Hall of Fame Inductee

Fritz E. Wolf

Born: 02/08/1916
Died: 04/27/1997
Inducted: 10/28/1989

Fritz Wolf was born in Shawano, Wisconsin. He attended Shawano High School where he excelled in athletics. He was on the basketball team that went to the state playoffs in 1933. After graduation from high school, Fritz received a basketball scholarship from Carroll College in Waukesha, Wisconsin. Interestingly, he never played a basketball game for the school. Instead he turned to football, becoming an all-conference full back for three straight years. During that time Carroll’s football team lost only one game.

In 1938 Fritz graduated from Carroll College with a degree in Business Administration. He had the opportunity to try out with the Green Bay Packers but missed the try out due to an appendicitis attack. About this time, Fritz realized that if he was ever going to learn to fly, now was the time. In 1939, he enlisted in the United States Navy. Upon completion of flight training in 1940 he received a commission as an Ensign and was assigned to the USS Saratoga as a dive bomber pilot.

In the summer of 1941 Fritz resigned his commission to join the American Volunteer Group (AVG) Flying Tigers. He was assigned to the 1st Squadron (Adam & Eve) as a Flight Leader. In December 1941, Fritz took part in the first Flying Tiger action near Kumming, China, during which he shot down two Mitsubishi bombers. When the group was disbanded on July 4, 1942, Fritz had been awarded a Chinese Air Force 2 and 4 star medal and a Sixth Grade Cloud Banner Decoration for heroism. He was credited with shooting down two bombers and two fighters.

Fritz returned to the United States and, after recovering from a case of hepatitis, rejoined the Navy to train fighter pilots. In 1944, he returned to combat serving on the aircraft carriers Hornet and Yorktown. As skipper of VBF-3 aboard the Yorktown he led the first naval bombing attack on the Tokyo area. Wolf officially shot down his fifth enemy aircraft and was awarded the Distinguished Flying Cross for heroism.

After leaving active duty with the Navy in April, 1946, and while remaining in the Naval Reserve, Fritz became the first paid employee of the new Wisconsin State Aeronautics Commission. He recalled that his first job was to run education programs but preferred operations. He moved into the operations job when it became available.  Fritz served in that capacity until September, 1967 when he was appointed Director of Aeronautics. He retired from the Naval Reserve in 1967 as a Commander. When the Aeronautics Commission merged with the newly formed Department of Transportation, Fritz was named Bureau Director. Fritz retired from state service May 8, 1981 after more than 35 years of distinguished service. He held a Commercial Pilot Certificate with single and multiengine ratings.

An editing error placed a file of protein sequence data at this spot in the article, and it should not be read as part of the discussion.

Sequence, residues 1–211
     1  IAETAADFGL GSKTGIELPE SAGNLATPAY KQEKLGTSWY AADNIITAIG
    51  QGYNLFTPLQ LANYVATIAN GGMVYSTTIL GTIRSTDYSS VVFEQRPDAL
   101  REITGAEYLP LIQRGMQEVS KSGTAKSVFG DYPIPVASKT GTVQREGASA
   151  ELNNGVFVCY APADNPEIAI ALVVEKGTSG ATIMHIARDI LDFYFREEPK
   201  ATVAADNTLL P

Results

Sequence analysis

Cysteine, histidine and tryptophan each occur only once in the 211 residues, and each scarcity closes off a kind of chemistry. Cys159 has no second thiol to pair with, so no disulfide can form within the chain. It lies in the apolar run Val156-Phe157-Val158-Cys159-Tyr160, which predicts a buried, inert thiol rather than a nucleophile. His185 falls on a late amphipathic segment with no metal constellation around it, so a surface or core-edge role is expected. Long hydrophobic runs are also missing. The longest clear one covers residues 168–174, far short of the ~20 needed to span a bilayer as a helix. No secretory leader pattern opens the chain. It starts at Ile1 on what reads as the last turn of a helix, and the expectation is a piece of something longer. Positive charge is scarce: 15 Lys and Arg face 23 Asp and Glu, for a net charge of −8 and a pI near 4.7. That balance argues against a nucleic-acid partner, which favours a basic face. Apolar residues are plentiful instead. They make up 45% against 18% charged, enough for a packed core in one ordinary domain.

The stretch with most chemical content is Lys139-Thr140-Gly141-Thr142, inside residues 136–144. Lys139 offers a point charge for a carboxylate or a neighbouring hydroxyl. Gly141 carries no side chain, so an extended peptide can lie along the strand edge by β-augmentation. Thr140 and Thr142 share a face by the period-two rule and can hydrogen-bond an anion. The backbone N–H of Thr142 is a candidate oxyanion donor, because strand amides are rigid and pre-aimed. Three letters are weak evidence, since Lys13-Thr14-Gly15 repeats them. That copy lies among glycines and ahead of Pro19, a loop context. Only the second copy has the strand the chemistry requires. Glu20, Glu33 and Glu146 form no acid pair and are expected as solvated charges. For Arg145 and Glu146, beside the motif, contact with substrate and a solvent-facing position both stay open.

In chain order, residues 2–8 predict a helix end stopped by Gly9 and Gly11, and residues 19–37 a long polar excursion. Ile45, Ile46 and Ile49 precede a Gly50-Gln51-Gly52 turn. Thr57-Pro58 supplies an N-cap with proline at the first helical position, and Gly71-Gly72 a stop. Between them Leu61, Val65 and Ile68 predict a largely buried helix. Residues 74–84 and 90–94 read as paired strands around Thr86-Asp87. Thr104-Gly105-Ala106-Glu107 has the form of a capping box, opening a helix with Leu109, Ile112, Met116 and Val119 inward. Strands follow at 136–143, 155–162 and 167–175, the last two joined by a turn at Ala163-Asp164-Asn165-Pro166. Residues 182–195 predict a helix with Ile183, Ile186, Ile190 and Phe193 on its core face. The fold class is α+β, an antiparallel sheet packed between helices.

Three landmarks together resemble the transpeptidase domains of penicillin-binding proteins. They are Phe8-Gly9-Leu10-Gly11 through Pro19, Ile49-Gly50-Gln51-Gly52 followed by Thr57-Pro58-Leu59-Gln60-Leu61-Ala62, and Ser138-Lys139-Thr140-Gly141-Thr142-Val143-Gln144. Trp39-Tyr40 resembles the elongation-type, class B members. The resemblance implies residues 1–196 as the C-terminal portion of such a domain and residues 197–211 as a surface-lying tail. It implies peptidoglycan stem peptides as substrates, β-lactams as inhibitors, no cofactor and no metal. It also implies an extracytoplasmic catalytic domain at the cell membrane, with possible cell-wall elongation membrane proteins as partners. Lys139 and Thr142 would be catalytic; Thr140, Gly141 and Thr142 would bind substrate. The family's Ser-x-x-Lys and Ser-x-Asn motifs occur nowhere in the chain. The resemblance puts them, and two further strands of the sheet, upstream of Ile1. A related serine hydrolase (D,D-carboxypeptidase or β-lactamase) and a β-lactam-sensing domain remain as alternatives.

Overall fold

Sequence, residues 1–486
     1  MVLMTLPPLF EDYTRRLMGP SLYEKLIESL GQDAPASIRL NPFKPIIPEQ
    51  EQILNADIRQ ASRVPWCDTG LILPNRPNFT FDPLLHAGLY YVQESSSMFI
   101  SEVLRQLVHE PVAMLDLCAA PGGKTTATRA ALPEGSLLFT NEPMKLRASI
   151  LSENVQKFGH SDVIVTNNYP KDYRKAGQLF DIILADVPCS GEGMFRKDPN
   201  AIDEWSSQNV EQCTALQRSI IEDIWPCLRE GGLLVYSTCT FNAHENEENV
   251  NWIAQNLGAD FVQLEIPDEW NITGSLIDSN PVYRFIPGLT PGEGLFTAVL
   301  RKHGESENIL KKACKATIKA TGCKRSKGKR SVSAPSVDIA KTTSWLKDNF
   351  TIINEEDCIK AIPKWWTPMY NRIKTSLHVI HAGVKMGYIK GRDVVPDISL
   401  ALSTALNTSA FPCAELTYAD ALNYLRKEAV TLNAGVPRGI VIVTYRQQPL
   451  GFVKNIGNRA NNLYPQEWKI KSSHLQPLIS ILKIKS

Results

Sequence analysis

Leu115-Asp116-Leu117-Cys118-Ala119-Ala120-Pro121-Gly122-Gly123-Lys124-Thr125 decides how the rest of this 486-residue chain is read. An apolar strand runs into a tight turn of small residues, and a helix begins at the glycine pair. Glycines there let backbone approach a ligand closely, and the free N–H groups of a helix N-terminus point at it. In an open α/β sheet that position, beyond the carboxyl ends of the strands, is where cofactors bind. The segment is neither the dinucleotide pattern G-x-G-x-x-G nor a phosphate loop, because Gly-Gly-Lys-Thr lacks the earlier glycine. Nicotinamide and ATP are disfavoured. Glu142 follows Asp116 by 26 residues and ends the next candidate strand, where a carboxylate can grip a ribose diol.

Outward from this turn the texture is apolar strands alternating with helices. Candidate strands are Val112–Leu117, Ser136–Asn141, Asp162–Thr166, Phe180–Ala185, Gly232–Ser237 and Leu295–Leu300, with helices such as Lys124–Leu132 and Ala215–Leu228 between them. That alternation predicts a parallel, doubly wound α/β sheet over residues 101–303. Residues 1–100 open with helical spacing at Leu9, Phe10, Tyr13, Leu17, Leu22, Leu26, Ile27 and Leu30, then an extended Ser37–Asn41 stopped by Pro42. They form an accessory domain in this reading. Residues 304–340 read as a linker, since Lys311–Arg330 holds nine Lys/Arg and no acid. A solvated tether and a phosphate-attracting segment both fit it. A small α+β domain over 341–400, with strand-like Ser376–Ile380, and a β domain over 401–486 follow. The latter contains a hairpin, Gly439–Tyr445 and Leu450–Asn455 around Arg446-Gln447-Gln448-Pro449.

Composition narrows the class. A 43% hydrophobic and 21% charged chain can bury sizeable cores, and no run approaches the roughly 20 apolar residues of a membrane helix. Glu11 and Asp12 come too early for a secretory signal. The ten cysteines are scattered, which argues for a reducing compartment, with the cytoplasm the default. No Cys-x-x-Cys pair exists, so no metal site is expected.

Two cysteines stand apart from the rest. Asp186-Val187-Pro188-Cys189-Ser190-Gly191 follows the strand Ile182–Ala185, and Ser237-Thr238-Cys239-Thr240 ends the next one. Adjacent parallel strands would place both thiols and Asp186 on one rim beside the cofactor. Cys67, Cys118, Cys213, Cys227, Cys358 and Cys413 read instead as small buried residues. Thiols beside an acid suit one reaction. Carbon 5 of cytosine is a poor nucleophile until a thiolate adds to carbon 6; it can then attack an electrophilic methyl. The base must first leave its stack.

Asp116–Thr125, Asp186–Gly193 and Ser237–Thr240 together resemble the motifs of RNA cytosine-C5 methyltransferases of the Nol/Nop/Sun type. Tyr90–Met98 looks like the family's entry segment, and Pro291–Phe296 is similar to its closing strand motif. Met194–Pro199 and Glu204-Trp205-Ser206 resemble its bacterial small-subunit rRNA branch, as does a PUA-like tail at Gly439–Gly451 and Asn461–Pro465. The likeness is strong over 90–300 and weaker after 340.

Fritz Wolf’s long list of credentials include serving as President of the National Association of State Aviation Officials, organizing the first agriculture air tours in the nation, he pioneered strobe lighting for tall towers and he established the first minimum airport operation standards in the nation. He organized the first Aviation Weather Roundup on the State network and established Wisconsin’s nationally recognized Air Markers program.

In December of 1996, just months before his death, he received his second Distinguished Flying Cross from the United States Air Force for his service with the American Volunteer Group.

On May 19, 2006, Wisconsin governor Jim Doyle signed SB306 into law. The bill renamed the state aviation facility at the Dane County Regional Airport, the Fritz E. Wolf Aviation Center. A fitting tribute to a man who dedicated his life to improve aviation in Wisconsin and the nation.

Fritz Wolf in the uniform of the Nationalist Chinese Air Force 1942
Fritz Wolf in the uniform of the Nationalist Chinese Air Force, 1942
(submitted photo)
Curtiss P-40 in Chinese markings
Curtiss P-40 in Chinese markings
(submitted photo)
Fritz Wolf at his 1989 WAHF induction
Fritz Wolf at his 1989 Induction Ceremony
(photo by Jim Martin)
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